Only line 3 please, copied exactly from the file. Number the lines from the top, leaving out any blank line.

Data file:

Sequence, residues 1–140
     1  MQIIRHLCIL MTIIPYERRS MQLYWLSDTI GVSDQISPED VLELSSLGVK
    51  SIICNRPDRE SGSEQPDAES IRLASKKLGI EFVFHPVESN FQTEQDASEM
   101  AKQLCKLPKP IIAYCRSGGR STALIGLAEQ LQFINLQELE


    51  SIICNRPDRE SGSEQPDAES IRLASKKLGI EFVFHPVESN FQTEQDASEM